How societal inequalities manifested in COVID outcomes

Newswise – Racial minorities make up about a quarter of Utah’s population, but make up a third of COVID-19 cases in the state. A similar story unfolded across the country. Why have racial minorities been unevenly affected by the COVID-19 pandemic?

Researchers are still working on the answer to this question, but a new study by University of Utah researchers, including Daniel Mendoza and Tabitha Benney, explores the hypothesis that variation in income and employment status, on a neighborhood-by-neighborhood scale, could be the reason. During the 2020 shutdowns, residents of wealthy areas in Salt Lake County, Utah, were able to stay home more than residents of less affluent zip codes, suggesting that the areas ‘essential worker’ occupations the less wealthy, who are also the largest minority populations, have put them at increased risk of contracting COVID-19. Subsequently, poorer postal codes experienced nearly ten times the COVID incidence rate of wealthy areas.

“We were shocked at the nearly ten-fold difference in the increase in the rate of contagion when comparing the groups we had defined,” says Mendoza. “I think it was a very dark moment when we realized how deep the disparities really were in our own backyard.”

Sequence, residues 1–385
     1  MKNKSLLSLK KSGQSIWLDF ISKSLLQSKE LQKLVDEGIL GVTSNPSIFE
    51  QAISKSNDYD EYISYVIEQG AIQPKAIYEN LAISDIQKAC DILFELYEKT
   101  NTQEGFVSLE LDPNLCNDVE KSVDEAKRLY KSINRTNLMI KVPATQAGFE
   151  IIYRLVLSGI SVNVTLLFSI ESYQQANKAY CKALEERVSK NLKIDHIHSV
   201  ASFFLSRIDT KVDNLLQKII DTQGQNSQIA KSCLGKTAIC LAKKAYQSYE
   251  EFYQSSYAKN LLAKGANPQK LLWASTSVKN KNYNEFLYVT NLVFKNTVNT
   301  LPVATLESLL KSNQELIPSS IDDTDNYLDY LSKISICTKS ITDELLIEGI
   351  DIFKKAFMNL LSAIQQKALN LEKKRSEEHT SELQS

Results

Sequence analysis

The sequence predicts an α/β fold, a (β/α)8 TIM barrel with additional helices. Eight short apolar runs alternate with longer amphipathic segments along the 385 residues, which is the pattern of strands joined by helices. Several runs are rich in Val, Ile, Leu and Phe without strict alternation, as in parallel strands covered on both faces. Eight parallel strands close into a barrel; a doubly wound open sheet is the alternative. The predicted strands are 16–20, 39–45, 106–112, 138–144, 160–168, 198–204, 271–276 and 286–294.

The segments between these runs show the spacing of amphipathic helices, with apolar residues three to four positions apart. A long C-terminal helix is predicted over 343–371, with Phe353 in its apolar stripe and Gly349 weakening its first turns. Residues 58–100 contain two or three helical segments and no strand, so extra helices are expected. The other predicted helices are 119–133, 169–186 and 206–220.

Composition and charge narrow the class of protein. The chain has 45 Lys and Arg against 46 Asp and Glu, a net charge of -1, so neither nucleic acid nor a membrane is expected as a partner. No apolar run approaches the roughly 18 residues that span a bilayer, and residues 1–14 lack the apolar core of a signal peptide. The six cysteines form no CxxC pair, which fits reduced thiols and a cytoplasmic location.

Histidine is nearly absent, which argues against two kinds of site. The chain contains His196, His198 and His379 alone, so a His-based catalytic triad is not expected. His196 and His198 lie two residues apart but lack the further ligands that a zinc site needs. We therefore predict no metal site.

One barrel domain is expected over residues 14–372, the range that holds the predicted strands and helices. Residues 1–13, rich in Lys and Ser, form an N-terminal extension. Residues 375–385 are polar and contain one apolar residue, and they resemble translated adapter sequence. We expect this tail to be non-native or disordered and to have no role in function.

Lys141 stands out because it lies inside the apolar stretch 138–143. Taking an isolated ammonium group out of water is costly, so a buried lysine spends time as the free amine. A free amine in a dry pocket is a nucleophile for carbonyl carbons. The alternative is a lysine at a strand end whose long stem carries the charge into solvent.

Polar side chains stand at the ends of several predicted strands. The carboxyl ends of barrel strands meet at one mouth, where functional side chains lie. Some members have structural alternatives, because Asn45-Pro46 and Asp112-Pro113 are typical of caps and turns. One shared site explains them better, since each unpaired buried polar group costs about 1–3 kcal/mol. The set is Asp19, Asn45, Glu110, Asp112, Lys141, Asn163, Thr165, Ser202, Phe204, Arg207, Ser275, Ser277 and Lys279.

The study is published in the journal COVID.

The disparities of Salt Lake County

Two factors make Salt Lake County a great site to explore the link between inequality and COVID-19 infection. First, says Benney, associate professor of political science, a dense network of traffic sensors produces extremely detailed traffic and mobility data, organized by postcode. Pair that with a similar level of COVID-19 incidence rate and demographics, work, and income, and a high-resolution picture emerges.

Second, according to Mendoza, assistant research professor in the Department of Atmospheric Sciences and visiting assistant professor in the Department of Urban and Metropolitan Planning, Salt Lake County exhibits “stark socio-economic disparities. The substantial differences in race, income and occupation are very clear and provide a solid basis for the analysis of inequalities.

The division in Salt Lake County roughly follows the I-15 freeway, which separates the county into east and west sides. The east side has a higher per capita income and percentage of white collar workers. However, the division is not strictly racial, with a more diverse northeast quadrant and a less diverse southwest quadrant in the valley.

But with COVID-19 superimposed on this socio-economic landscape, a pattern has emerged.

“The first time our team calculated the numbers,” Benney says, “we were all appalled at how much income and occupation were linked to COVID incidence rates. “

What is structural inequality?

How are income and occupation related to race? Researchers have explored this question through the prism of structural inequality, which is a system of privilege in institutions and policies that place people on an unequal basis in society. This inequality, write the researchers, “creates[s] relational models that effectively socialize and dictate how people see the world and their place in it. Inequality is seen as structural when the policies produced by the system prevent certain groups from moving forward, regardless of their actions.